As is customary in their process, I met with the Scarab team via video meetings to get to know one another, talk about my background in cycling, and discuss what I want out of a bike and my desired geometry. I'd gone through the custom bike geometry process before, so I know quite well what I do and do not like. I also had bike measurements on hand, so the geometry portion of the design process went rather quickly. When it comes to gravel riding, I enjoy it all: bikepacking, regular jaunts through a local park, some singletrack as well as the occasional ultra-long challenge. Given the steel material, for this bike, capability and comfort would trump speed. Even so, I was still looking for agility and playfulness in the bike's handling. 

The finished result fits me well. It has a longer wheelbase and is generally a bit more elongated than my go-to bikes; thus, I am running a shorter stem than I usually do. Begrudgingly, I even had to add a riser stem for positioning comfort after a recent injury to my torso. 

Still, the handling is pleasantly agile and perfectly capable of handling some twisty singletrack. And despite the shorter stem, what's most remarkable about the geometry is that when I get out of the saddle for a sprint or to climb, my knees easily stay clear of the handlebars – something I usually have to watch out for. 

Aside from the stem change, the bike fit needed no adjusting, which is, of course, the beauty of going custom. 

Paint

Scarab Cycles' Paramo

(Image credit: Anne-Marije Rook)

My favorite yet also the most intimidating part of the process was getting to design the bike's colorway. Approaching a bike as a blank canvas can be a tad daunting, but Alejandro was really fun to work with. He encouraged me to peruse Scarab's previous works to see what the in-house painting department is capable of and to bring him examples of patterns, colors and designs that speak to me. The initial phase, he said, was simply to "to understand you."

I quickly decided on a theme: reclaiming purple. I've been in the bike industry long enough to remember the "pink it and shrink it" days, where all women-oriented products were pink and purple. I also have a twin brother, so my entire life, I was told blues and green were for him, pinks and purples for me. As such, these became rather loaded colors for me. It took me years to come around on the color but I do actually quite like purple. And even some pinks. So the idea for the paint was to go all in on purple paired with the marbled forks I've seen Scarab do in the past. Alejandro was all about it, and the paint job turned out fantastic. It is quite the head turner and sadly for you readers, the dark, sparkly purple and multicolor marble are best appreciated in person.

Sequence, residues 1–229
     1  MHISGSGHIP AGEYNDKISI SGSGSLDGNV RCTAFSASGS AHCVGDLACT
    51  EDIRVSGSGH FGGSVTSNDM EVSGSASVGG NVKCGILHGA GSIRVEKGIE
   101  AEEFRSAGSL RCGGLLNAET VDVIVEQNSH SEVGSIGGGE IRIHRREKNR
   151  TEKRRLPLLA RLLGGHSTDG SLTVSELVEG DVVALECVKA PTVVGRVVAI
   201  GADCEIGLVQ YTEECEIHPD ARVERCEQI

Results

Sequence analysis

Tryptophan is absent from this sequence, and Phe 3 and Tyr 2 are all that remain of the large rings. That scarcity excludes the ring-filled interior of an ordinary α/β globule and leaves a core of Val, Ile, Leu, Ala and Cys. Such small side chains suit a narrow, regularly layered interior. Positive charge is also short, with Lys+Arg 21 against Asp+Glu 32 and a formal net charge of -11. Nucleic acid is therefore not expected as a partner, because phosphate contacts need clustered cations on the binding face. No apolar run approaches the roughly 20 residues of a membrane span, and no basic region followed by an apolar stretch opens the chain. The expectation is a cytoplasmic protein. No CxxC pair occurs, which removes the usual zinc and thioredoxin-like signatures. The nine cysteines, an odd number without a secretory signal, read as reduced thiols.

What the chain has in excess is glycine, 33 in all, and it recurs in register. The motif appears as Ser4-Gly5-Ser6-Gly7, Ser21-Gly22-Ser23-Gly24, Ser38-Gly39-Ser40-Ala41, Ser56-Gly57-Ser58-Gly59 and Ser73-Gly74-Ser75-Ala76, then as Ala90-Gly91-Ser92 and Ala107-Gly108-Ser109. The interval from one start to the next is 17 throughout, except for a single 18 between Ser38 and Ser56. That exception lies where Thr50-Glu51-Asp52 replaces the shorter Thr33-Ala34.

The whole process was welcoming, fun and impressively quick. From signing off on the geometry to receiving the finished product at my doorstep in the U.S. took just five weeks. That lead time is almost unheard of in the handbuilt bike world. 

The Build

Shimano GRX RX820 12-speed mechanical components

(Image credit: Anne-Marije Rook)

 Once I received the frameset, I built it up with Shimano's new and capable 12-speed GRX 820 groupset in a 1x configuration with a 10-45T cassette and 40T chainring. It's rolling on the new Shimano RX880 carbon gravel wheels, and the finishing kit includes a PRO carbon seatpost, PRO PLT Compact Ergo aluminum handlebar, aluminum stem, Elite bottle cages and the Cadex amp saddle.  

Ready to ride, it weighs in at 21 lbs. 

The Ride

Scarab bikes in action on El Retiro gravel

(Image credit: Scarab Cycles)

Due to injury, my first real rides on this steel beauty were, fittingly, in Scarab's backyard in the Antioquia region of Colombia. I immediately fell head over heels in love with the landscape, the people, the varied terrain and the riding. 

The road surface varied in ruggedness, but wherever we went, climbing was guaranteed. From the worn cobblestones of the colonial towns to the rough, twisty paths winding up mountains, around countryside landscapes and coffee plantations, gravel biking in Colombia is a mesmerizing adventure that immerses you in the essence of a country in a way only a bike can.

In a setting like that, it's easy to also fall in love with the trusty steed that guided you there. And indeed, the Scarab is well-built and more than up for the task, maneuvering capably, taking the beating in stride and absorbing the rough terrain. It felt stable, robust and reliable throughout. For bikepacking and adventuring where there are plenty of unknown, the Paramo would be a trusty companion.

From a performance or fast-gravel point of view, there is some weightiness to the bike, especially in the rear, that can be felt when the roads point up. I ride a relatively small bike and at that, the Paramo –21 pounds, fully built up with high-end specs– is a solid 4 pounds heavier than my carbon gravel steed. 

However, I feel that in the unpredictable and rough nature of gravel riding, handling, comfort and durability play a more significant role than pure bike weight. Steel is a wonderful choice for gravel steeds due to its damping characteristics. It takes the sting out of rough surfaces and provides a smoother, comfortable and controlled ride experience. On a long, bumpy days in the saddle —both in Colombia and at home— my body is grateful for the stability and comfort the Paramo offers.

Value & Verdict

Scarab Cycles' Paramo

(Image credit: Anne-Marije Rook)

A Paramo frameset starts at $3,400, which is certainly an investment. But considering the tailored geometry, proven craftsmanship, curated customer process, lifelong materials and fully custom paint job, I think it's also a very good price. The paint alone is worth a pretty penny. Many bike builders outsource their paint, and something of Scarab's quality can set you back a grand or two with ease.

In a world where bikes aren't just machines but extensions of personal expression, Scarab Cycles offers fine craftsmanship and a little piece of Colombian art to explore the paths less traveled.